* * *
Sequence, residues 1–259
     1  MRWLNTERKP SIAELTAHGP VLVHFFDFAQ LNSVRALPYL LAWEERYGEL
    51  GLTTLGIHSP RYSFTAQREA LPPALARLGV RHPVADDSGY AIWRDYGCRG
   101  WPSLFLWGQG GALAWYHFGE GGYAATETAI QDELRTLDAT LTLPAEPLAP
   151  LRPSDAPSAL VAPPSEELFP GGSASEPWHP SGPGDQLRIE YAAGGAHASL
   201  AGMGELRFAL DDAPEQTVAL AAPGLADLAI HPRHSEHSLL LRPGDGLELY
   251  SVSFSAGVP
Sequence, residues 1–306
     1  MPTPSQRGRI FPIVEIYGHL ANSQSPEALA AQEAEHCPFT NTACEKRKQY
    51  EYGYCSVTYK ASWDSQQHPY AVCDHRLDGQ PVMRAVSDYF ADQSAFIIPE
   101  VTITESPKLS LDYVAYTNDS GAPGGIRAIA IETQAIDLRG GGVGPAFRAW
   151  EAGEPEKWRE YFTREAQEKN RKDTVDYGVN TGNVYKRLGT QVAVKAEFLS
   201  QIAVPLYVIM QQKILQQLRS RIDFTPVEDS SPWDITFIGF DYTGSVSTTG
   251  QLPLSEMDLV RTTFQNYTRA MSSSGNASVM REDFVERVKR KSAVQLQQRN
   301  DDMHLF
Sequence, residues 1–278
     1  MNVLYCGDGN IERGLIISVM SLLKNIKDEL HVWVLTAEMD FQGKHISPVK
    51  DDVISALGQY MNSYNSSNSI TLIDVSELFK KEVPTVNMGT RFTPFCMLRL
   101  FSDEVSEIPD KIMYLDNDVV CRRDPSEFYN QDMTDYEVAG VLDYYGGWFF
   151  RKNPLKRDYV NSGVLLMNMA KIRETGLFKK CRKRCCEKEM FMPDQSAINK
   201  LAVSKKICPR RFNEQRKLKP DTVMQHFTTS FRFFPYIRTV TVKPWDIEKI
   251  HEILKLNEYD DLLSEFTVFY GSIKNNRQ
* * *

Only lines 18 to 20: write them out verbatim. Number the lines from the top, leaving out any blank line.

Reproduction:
    51  DDVISALGQY MNSYNSSNSI TLIDVSELFK KEVPTVNMGT RFTPFCMLRL
   101  FSDEVSEIPD KIMYLDNDVV CRRDPSEFYN QDMTDYEVAG VLDYYGGWFF
   151  RKNPLKRDYV NSGVLLMNMA KIRETGLFKK CRKRCCEKEM FMPDQSAINK